Research Interests.

  • The interdependence of social sustainability, political sustainability, and environmental sustainability
  • Neighborhood design and the local business climate
  • New Urbanism
  • The civic life of the neighborhood;
  • Neighborhood design and social networks
  • Civic engagement and democracy;
  • Suburbanization and sustainable suburban development;
  • The role of the Public Square and Public Space in civic life;
  • The impact of architecture, urban form, and the physical environment on political and social life;
  • Social dimensions of human health

Specialized Teaching Interests.

  • The impact of the local environment on human behaviors, attitudes, and health.
  • Zoning, development, urban form, and civic life.
  • Civic engagement.
  • Social ecology.
  • Holistic sustainability.
  • Architecture and politics.
  • Human dimensions of environmental systems.
  • Quantitative methods.
  • Qualitative methods.
  • also see Courses Taught for a complete listing of courses offered including survey, introductory, and seminar courses in various disciplines and departments at UIUC and elsewhere.

In the news.

  • Article in Psychology Today about how presidential systems tend to create citizens who are less happy overall than nations with parliamentary systems.
  • Interview with Τάνια Μποζανίνου for TO BHMA, Οι πρώτες 100 ημέρες του νέου πλανητάρχη, Nov 20, 2016.
  • Interview with Ritchie Bernardo of WalletHub on the 2016 US primaries.
  • US News and World Report and The Conversation. Direct democracy may be the key to happier American democracy. With Ben Radcliff. Discusses how states that use initiative, referndum, and recall have citizens who are happier with their government and laws and policies that benefit citizen life satisfaction. Edited and expanded versions of this piece have appeared in Psychology Today and Yes! magazine, in addition to outlets like  SwissInfo, Power 2 People, and The Turkish Sun, among other places. For something that nobody read, it got a lot of reprints! Who'd have guessed?
  • Psychology Today,
    "What's better at creating happiness-- the people or the market?"  Cowritten with Ben Radcliff, this is just a reformulation of our piece in "The Conversation" and "The Washington Post," both listed below.
  • Newsweek.
    "What makes us happier? government or the free market? Big data from around the world points to a single, clear answer to the perennial question."  With Benjamin Radcliff, Sept 11, 2015.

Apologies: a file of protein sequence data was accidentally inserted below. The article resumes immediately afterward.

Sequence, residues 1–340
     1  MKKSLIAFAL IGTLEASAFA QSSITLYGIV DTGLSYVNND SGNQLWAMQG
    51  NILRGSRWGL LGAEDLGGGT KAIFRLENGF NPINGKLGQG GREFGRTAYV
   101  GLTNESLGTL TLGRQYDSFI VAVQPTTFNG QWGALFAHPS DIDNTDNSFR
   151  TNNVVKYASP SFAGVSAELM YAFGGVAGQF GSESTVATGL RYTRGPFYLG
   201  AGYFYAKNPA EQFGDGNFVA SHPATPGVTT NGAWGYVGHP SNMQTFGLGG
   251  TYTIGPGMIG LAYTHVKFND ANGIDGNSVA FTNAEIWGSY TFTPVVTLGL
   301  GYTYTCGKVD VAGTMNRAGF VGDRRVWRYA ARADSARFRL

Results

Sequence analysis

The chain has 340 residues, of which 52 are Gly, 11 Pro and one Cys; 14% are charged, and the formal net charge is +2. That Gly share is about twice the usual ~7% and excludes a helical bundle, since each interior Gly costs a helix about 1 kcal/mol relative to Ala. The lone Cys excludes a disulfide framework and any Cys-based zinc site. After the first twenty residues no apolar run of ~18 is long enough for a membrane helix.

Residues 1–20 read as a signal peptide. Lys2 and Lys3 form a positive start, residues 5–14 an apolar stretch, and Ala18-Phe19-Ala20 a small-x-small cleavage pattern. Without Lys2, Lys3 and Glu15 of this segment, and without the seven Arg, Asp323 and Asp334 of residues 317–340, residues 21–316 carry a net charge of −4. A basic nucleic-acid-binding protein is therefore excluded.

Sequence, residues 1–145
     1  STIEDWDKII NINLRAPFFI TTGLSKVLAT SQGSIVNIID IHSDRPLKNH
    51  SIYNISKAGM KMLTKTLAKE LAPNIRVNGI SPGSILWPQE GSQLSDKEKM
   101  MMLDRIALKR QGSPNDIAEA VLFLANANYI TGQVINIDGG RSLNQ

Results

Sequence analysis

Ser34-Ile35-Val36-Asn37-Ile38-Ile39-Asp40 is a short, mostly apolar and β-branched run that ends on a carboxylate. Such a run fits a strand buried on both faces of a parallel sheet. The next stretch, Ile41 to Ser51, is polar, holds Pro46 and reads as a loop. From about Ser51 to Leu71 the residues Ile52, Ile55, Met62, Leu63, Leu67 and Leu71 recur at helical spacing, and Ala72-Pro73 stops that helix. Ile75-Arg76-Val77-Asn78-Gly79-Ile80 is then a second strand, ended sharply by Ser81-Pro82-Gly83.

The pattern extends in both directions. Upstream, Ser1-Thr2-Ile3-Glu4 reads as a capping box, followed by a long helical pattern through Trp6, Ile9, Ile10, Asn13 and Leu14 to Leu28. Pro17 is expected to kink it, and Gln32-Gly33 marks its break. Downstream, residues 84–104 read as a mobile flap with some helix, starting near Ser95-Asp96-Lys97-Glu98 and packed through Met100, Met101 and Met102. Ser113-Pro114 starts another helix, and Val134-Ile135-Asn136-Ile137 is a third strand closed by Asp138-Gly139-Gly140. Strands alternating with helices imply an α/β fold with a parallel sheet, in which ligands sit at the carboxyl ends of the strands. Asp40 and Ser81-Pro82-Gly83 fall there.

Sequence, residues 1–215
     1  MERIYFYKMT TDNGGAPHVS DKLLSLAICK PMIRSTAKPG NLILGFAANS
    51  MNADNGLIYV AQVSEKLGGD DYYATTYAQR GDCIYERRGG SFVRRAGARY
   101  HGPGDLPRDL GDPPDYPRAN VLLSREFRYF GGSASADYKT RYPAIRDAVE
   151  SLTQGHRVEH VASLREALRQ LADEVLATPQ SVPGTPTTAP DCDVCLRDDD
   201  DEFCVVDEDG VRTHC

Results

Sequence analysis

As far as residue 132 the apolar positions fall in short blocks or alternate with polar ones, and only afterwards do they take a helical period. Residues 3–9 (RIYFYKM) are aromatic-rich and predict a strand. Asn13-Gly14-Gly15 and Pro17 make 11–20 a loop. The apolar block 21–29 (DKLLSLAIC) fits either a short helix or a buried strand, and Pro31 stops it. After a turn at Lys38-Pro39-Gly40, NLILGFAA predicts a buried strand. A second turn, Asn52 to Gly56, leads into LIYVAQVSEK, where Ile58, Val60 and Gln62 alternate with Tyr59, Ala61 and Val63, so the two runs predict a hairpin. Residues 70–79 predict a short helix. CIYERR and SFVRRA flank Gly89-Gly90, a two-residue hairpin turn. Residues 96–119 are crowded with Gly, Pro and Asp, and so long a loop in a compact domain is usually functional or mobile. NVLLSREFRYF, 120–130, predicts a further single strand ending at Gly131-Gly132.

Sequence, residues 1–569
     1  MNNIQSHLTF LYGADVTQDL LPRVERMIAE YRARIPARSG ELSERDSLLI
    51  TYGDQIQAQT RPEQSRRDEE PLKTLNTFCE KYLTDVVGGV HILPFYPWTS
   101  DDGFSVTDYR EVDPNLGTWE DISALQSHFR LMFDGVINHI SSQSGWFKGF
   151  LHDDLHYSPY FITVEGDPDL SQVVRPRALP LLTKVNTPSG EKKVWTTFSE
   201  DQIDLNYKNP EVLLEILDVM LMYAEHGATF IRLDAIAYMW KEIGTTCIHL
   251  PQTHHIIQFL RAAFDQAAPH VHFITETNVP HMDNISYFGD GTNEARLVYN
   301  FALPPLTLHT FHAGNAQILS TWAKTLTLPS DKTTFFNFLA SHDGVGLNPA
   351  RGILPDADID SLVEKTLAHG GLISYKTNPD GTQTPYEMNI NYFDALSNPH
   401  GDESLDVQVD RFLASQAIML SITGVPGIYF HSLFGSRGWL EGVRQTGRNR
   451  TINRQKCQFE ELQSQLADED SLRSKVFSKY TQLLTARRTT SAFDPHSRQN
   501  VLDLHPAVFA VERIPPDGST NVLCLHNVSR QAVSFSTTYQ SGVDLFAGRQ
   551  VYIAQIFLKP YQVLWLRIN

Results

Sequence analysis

• The Conversation.
    Why "Small Government" may be bad for "the Pursuit of Happiness."  With Benjamin Radcliff (U. Notre Dame)
  • Peoria Journal Star, Op-Ed
    Online on 11/6/2014 (print on Sunday, Nov 9, 2014), argues that the minimum wage helps the middle class too.
  • Talking Points Memo OpEd.
    October 21, 2014. Ben Radcliff and I show that a rising minimum wage lifts all boats, helping all people in a nation thrive, not just those receiving the minimum wage. The minimum wage has a huge impact on the middle class too.
  • Washington Post OpEd
    Ben Radcliff and I wrote a column in the Washington Post (May 15, 2014) about how the minimum wage influences the well being of a nation's citizens entitled Does a higher minimum wage make people happier? In short we ask, even if there are economic inefficiences in setting a minimum wage, should a democracy of the people enact one if it makes the entire society better off?
  • SueThy Neighbor
    Sue Thy Neighbor is a piece by Julie Halpert in the Ann Arbor Observer that mentions Michael Krassa's work and an observation from one of his courses.

Miscellaneous information (just to give you an idea of my research).

  • Networks and Neighborhoods. Presentation on research about how urban form influences social networks.  Slight variations were presented at Human Dimensions of Environmental Systems, the Builders Council, and the Conference of Illinois Mayors. These works were primarily dated 2005 and 2006.
  • A Quick Tour of our research sites that fall in the “new urbanism” category.  This was for a class I teach (Neighborhoods and Politics), just to give them an idea of what new urban neighborhoods look like. Of course, our research also includes many neighborhoods that are not “new urban,” including some quite old neighborhoods and very new neighborhoods. These are just the new urban neighborhoods we look at. From 2012.
  • Better Together: Lively Main Streets, Vital Neighborhoods, and Engaging Public Spaces.  Presentation on the mutual interdependence of neighborhoods, local commerce, and public spaces.  This work is an attempt to place past works into an integrated theory.  Cornelius O’Brien Conference, 2008
  • The Catholic Voter Myth: Theology and ideology in the voting behavior of Catholics.  Coauthored with Don Davison, 2010.